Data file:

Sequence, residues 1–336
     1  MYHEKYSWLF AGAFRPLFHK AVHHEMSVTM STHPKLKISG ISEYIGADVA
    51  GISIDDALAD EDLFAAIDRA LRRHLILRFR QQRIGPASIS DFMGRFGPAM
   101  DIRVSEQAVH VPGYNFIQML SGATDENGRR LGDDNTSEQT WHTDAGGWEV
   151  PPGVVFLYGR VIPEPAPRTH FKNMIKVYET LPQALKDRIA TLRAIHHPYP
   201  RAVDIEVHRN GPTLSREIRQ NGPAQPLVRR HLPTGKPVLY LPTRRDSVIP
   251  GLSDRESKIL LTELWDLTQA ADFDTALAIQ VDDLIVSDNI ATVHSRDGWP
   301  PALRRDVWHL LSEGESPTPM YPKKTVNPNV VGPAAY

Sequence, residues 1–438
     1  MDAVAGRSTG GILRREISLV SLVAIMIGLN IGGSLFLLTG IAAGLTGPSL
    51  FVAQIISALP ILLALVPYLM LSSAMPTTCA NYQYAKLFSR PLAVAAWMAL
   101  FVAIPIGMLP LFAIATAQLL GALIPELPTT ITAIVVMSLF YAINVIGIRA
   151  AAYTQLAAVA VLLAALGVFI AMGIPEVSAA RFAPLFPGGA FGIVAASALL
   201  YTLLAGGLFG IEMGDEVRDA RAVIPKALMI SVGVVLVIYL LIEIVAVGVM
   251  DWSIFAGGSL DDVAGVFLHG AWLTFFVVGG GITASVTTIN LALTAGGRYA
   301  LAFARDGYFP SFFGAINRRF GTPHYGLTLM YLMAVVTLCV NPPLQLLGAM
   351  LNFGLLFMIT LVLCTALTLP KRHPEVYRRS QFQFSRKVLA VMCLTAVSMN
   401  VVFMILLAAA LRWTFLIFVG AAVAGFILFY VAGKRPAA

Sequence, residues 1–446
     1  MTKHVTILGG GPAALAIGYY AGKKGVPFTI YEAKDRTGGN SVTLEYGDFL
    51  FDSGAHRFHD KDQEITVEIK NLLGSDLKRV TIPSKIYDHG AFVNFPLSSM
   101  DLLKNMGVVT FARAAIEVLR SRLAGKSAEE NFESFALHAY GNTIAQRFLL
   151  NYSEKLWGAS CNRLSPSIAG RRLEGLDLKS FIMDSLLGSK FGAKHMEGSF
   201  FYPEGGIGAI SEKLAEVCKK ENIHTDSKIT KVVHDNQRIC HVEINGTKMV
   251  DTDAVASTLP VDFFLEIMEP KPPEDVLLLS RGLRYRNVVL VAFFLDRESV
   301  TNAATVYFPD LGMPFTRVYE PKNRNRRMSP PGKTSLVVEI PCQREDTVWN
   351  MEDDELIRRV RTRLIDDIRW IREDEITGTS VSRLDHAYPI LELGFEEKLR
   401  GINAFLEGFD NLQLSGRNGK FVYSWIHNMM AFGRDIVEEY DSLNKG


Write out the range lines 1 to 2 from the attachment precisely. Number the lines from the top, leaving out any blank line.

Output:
Sequence, residues 1–336
     1  MYHEKYSWLF AGAFRPLFHK AVHHEMSVTM STHPKLKISG ISEYIGADVA